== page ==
The last 2 captive orcas are on their way to freedom in Russia, along with 6 belugas (updated)

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UPDATE  23 August 2019:

Upon arrival at the port, the [whales] were given time to rest after a grueling road lasting more than 19 hours due to the difficult traffic situation in Primorye caused by long rains. In some sections of the route, the convoy was forced to move at a speed of 5-10 km per hour. Despite the long journey, veterinarians noted that killer whales and beluga whales carried it with minimal stress.
The fourth batch of animals includes 2 killer whales – an eight-year-old female named Kharya and a six-year-old male Forest. In Srednyaya Bay, they were always together in the same [enclosure]. The beluga includes 3 males and 3 females. The age of the animals is from 3 to 6 years. A balanced group was selected for the release, both from older and younger individuals.
On Monday, the ship will come to the village. Innokentyevka of the Nikolaev district, where the animals will be changed water and reloaded onto cars for further transportation to the coast of the Sea of ​​Okhotsk. Veterinarians, trainers and scientists of VNIRO will monitor the state of health throughout the river stage of the journey.
VNIRO Press Service

Alexandra and other released captives are reported to be thriving in the wild.

The whales were captured by companies that used loopholes in the law to obtain permits. Because the permits did not allow capture for the purpose of display, the Russian government ordered that all of the whales be returned to the wild.  For more background information, please see Saving the lonely orca calf, Alexandra: What are her options? (Videos).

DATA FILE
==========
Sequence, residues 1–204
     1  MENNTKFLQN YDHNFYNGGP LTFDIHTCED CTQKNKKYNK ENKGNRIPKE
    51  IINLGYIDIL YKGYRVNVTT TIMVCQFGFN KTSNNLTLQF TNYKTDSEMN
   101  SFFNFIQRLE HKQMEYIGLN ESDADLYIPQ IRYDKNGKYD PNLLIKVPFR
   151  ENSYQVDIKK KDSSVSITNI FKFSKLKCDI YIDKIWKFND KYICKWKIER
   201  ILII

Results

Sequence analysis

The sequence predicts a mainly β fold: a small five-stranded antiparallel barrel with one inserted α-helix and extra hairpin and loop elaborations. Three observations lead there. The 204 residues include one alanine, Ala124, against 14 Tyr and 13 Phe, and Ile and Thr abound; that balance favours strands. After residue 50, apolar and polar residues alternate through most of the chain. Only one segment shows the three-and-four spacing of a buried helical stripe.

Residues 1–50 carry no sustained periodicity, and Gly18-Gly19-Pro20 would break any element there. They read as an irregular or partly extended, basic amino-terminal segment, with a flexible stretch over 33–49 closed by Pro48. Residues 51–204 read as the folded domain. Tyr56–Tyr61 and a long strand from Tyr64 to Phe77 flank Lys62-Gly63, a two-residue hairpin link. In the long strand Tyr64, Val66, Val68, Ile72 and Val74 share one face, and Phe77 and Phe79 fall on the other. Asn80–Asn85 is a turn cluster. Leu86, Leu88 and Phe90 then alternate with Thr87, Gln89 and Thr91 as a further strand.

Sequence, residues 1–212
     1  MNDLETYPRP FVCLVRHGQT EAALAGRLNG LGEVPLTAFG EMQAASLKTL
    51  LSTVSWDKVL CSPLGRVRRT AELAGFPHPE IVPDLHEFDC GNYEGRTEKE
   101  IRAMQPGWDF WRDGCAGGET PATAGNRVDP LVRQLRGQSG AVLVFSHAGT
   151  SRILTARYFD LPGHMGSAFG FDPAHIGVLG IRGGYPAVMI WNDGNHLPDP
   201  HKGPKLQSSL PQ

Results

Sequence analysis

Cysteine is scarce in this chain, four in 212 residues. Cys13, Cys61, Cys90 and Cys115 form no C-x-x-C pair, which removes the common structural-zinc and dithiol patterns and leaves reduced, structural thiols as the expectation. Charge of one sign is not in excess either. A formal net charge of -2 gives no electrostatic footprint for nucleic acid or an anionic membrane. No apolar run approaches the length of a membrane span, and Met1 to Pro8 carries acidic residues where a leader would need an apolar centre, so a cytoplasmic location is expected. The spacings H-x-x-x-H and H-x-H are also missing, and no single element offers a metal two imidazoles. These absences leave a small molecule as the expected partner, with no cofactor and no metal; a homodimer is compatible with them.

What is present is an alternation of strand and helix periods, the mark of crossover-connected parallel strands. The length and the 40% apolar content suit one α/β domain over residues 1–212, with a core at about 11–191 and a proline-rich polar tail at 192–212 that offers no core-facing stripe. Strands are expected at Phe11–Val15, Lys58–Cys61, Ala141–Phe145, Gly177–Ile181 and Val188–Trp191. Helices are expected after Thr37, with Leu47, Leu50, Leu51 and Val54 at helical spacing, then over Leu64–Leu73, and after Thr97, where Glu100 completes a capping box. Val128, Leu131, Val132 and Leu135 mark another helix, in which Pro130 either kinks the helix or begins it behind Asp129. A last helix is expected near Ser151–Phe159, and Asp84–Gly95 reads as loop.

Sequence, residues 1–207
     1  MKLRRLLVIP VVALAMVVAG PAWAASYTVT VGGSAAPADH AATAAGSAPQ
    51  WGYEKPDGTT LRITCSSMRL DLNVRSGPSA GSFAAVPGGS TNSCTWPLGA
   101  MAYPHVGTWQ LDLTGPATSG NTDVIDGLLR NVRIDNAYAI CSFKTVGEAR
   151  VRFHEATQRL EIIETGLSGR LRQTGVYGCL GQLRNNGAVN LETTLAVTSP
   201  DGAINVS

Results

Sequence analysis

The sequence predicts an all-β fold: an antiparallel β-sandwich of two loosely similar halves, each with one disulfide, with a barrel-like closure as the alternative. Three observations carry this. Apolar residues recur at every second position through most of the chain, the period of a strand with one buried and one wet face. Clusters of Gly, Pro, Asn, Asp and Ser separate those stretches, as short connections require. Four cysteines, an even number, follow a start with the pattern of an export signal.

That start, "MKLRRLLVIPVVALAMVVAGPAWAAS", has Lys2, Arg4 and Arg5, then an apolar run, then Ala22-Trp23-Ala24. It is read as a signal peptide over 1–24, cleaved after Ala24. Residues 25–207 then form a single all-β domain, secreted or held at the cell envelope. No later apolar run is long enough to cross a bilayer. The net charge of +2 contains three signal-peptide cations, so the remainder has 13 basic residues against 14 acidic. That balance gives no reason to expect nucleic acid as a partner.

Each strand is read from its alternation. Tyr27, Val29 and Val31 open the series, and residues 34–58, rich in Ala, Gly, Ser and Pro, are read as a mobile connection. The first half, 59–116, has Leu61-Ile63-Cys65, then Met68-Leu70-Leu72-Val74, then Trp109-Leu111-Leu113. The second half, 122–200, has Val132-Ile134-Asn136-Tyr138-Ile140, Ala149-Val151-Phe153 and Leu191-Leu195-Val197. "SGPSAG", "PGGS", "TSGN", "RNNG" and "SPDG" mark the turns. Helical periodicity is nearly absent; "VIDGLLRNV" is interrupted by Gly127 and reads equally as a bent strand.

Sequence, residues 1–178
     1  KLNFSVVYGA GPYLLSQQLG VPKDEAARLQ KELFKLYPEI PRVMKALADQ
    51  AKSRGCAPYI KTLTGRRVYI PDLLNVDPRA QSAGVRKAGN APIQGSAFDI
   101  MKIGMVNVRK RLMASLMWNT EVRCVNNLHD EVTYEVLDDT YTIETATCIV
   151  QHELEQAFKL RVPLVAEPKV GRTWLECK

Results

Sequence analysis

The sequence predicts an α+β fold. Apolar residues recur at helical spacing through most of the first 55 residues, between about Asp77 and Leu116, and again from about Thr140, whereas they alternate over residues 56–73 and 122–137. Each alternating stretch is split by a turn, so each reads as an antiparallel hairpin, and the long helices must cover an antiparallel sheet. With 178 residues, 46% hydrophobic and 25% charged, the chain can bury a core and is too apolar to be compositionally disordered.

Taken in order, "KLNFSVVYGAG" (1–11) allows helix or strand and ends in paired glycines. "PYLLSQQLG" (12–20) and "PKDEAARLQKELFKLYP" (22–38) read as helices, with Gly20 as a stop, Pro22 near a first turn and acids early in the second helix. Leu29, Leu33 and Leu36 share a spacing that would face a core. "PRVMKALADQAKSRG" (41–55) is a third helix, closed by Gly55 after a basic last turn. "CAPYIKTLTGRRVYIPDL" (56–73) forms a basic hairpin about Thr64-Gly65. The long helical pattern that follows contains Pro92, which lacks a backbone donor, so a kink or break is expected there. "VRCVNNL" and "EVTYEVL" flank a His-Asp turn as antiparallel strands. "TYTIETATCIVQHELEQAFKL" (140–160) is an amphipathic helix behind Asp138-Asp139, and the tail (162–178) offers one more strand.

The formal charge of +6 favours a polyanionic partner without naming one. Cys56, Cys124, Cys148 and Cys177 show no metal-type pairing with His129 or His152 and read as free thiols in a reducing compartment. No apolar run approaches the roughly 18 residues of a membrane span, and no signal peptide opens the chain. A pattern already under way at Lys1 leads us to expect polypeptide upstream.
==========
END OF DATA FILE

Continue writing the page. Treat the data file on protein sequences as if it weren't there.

There are few details to share at this point, and there is no mention of Greenpeace observers for this final killer whale release. However, the Russian fisheries service (VNIRO) reports that all the whales were given health inspections and are strong enough to withstand the long journey to freedom. They also maintain that all eight of the previously released whales have adapted back to life in the wild, in spite of the stressful travel. Two of the orcas don’t have functioning tags but the rest have been located.
The transportation of the whales has been streamlined, the first group endured a week in small containers, but if the weather holds this trip will take about four days.
This is the second group of belugas to be released, leaving approximately 80 awaiting return to the wild.


On August 22, the fourth stage of the joint operation of VNIRO [Russian Research Institute of Fisheries and Oceanography] and specialists in the release of animals from Srednyaya Bay into the natural environment began. 2 killer whales and 6 belugas were loaded onto vehicles and, as a convoy, escorted by the traffic police, went to Khabarovsk.
These are the last killer whales, male and female, which were in the adaptation center. The condition of the animals, which have a long journey, was evaluated by the veterinarians as satisfactory. Behind them, as in previous times, professional supervision by veterinarians, VNIRO scientists and trainers will be conducted throughout the entire road.
Tomorrow afternoon, the convoy will arrive in Khabarovsk and the next stage of the journey, the animals will pass on the ship along the Amur River to Nikolaevsk-on-Amur.

Capture and release sites. Image credit:
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